Threads, the Meta Platform side of Twitter, is seen by some advertisers as less contentious and more predictable than Elon Musk’s platform, and analysts say it could pull in marketing budgets — eventually.
Launched on July 5, Threads has become the fastest growing social media platform, reaching 100 million users, the first apparent serious threat to Twitter’s dominant microblogging app. On Sunday, Musk said Twitter would rebrand itself and change its logo to an X.
Threads saw a dip in downloads and engagement in the week after its debut, according to research firm Sensor Tower, and is currently not open to advertising.
But analysts predicted high targets for ad spending – with the caveat that they depend on user retention.
If the app manages to retain users, Threads could reach US$5 billion (about Rs. 40,909 crore) in annual ad revenue, matching what Twitter earned in 2021, Bernstein said in a July 18 note.
“The unprecedented adoption of … Threads now also gives Meta some buds of material to be excited about,” they said, while warning that it was still early days and other newcomers like Clubhouse had failed.
Morningstar analysts said on 11 July that Threads could add between US$2 billion (Rs. 16,362 crore) and US$3 billion (approximately Rs. 24,544 crore) to Meta’s revenue every year between 2024 and 2027. Evercore ISI analysts estimated on 9 July that Threads could generate US$8 billion (approximately Rs. 65) 451 crore) in annual revenue by 2025, a small part of the USD 156 billion (approximately Rs. 12,76,374 crore) revenue that analysts expect for Meta that year, according to Refinitiv.
In hopes that Threads will flourish — thanks to Meta’s deep pockets and successful experience on Instagram and Facebook — and in anticipation that it will eventually introduce advertising, some brands may already be considering how much money to set aside for future in-app marketing campaigns, analysts and ad industry executives said.
Taylor Michelle Gerard, a senior executive at content marketing firm Blue Hour Studios, said some of her clients are considering adding a Threads post along with TikTok or Instagram posts as part of sponsored deals with influencers.
“It’s a good way to work Threads into an existing campaign,” she said.
Once Threads ads are available, brands will transfer their ad spend from Twitter “without question,” said Matt Yanofsky, co-founder of Moment Lab, a brand marketing and advertising agency.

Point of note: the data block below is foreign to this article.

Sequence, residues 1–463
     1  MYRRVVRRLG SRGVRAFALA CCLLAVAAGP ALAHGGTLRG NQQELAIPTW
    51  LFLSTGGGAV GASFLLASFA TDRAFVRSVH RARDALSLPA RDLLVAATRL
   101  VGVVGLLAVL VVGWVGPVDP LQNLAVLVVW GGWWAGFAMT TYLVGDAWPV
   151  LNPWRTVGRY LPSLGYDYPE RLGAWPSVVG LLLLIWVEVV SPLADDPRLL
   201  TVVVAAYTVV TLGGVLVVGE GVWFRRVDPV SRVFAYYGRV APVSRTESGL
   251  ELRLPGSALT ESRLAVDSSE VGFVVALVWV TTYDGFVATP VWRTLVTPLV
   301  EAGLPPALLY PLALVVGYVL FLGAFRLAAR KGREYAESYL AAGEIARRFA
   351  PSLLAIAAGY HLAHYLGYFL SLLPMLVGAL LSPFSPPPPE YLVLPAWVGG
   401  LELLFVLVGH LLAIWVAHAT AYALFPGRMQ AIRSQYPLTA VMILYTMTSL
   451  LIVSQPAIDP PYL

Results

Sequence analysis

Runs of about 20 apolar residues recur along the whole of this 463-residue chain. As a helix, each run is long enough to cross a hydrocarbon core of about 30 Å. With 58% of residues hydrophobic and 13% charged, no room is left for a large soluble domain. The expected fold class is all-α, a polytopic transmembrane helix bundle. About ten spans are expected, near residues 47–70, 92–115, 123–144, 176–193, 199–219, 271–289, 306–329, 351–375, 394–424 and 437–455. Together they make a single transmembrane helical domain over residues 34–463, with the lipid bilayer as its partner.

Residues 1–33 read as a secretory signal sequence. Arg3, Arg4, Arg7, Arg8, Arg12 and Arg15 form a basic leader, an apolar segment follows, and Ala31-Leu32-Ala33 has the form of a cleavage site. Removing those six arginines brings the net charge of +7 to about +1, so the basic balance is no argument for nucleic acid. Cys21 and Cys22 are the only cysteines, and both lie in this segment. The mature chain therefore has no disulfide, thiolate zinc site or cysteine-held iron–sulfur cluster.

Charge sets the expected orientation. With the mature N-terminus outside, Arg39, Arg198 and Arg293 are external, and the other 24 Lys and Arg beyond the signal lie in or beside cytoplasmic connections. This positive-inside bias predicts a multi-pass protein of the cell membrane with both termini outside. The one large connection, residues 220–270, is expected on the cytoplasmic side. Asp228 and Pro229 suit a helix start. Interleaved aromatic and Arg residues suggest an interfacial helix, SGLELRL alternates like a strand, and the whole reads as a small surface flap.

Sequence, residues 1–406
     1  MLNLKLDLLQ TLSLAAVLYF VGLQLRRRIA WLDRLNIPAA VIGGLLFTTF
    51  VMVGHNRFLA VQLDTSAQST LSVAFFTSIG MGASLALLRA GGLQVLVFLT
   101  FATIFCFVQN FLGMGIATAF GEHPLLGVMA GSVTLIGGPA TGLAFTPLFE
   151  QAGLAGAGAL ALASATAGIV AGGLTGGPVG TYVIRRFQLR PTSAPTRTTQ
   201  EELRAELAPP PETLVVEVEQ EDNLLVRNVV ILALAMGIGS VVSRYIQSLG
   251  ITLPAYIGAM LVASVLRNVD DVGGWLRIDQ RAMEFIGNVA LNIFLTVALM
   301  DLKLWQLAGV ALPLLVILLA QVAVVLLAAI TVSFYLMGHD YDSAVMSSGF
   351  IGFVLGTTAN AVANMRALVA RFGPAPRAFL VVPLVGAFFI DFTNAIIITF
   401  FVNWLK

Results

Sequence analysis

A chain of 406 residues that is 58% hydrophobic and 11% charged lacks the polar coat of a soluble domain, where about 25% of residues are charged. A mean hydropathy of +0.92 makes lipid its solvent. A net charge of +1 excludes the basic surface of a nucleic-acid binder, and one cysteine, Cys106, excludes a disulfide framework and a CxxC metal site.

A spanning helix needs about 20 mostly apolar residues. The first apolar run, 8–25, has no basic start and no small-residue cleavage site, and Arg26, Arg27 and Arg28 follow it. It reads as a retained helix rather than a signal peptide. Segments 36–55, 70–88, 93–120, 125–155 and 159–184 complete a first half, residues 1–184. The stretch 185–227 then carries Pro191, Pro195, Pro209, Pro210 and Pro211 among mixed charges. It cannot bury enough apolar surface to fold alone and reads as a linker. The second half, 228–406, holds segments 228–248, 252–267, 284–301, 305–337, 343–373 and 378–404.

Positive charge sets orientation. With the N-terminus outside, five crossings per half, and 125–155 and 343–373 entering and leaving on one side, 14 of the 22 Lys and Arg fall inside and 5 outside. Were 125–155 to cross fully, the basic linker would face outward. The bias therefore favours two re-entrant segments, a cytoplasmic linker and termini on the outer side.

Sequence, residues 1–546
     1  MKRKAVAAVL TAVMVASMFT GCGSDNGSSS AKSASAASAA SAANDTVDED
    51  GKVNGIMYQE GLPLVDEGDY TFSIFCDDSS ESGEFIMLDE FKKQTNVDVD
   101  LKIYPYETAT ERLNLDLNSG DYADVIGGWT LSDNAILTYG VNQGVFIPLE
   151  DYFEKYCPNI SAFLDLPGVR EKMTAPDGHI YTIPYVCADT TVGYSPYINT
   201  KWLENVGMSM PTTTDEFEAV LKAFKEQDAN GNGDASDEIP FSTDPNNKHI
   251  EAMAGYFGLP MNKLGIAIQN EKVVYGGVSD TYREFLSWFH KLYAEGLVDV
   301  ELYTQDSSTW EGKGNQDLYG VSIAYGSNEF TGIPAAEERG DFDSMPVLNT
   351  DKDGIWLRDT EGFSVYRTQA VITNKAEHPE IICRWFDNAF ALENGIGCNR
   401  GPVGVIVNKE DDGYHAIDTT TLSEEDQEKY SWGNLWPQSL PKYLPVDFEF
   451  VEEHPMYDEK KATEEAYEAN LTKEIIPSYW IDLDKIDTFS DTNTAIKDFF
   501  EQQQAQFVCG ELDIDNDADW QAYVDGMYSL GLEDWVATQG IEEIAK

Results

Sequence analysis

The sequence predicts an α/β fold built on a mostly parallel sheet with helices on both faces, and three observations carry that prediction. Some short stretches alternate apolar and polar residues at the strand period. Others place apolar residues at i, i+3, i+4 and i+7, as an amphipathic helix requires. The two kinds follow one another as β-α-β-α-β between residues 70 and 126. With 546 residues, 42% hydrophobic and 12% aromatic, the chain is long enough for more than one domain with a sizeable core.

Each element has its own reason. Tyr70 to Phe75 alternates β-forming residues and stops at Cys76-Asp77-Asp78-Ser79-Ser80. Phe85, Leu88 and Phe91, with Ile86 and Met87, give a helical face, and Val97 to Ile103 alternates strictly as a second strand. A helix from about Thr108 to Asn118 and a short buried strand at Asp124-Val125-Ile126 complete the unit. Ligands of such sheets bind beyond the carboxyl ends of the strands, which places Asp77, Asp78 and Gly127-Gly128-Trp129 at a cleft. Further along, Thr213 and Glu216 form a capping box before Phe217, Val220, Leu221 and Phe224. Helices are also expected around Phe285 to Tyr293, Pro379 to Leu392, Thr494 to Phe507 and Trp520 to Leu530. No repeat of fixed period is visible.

He said some of his clients, whose names he wouldn’t reveal, are already considering whether to add a budget for Threads ads later this year.
Meta has not commented for this article.
Some advertisers have already turned away from Twitter due to concerns over the tone of speech and abrupt policy changes since Musk bought the company last year, said Andrew La Fond, vice president of advertising agency R/GA, who has worked with Nike.
Twitter did not respond to an email seeking comment. He said he doesn’t promote content that might violate his policies, and that 99.99% of tweet impressions or views are of “healthy” content.
He acknowledged the drop in ad sales – last week Musk said it had dropped by 50%, although it was not clear what time period he was referring to.
In response, he did some outreach to advertisers. Two days after Threads launched, Twitter sent an email to a major ad-buying company, reminding them of the incentives the company was offering advertisers and noting that the company has spent less on ads on Twitter this year, according to the email seen by Reuters.
Threads still has a long way to go before it matches Twitter’s reach, however. Twitter had nearly 240 million monetizable daily active users as of July last year, according to the company’s latest public disclosure.
Meta head Mark Zuckerberg said the company would only consider monetizing Threads when there was a clear path to 1 billion users.
Tens of millions of users return to Threads daily, and the team will focus the rest of the year on “improving the basics and retention,” Zuckerberg posted on Threads last week.
After being slow to adopt AI-enabled hardware and software systems for its core business, Meta invested to upgrade its AI capability to increase Facebook and Instagram traffic and increase ad sales. It also lowered its cost outlook for the year after the pandemic-era excesses.
On Wednesday, when Meta reports April-June results, the company is expected to post an 8% increase in quarterly revenue to $31.1 billion, its best growth in six quarters.
Threads doesn’t yet support direct messages, hashtags or keyword searches, which limits its appeal to advertisers and its usefulness as a place to follow events in real time, as users often do on Twitter.
However, many brands are experimenting with Threads, which “has made social media fun again,” said Liz Bartges, director of brand engagement at communications agency FerebeeLane.
“We’re reliving the glory days of Twitter,” she said of Threads. “I’m excited to see where this can go.”
© Thomson Reuters 2023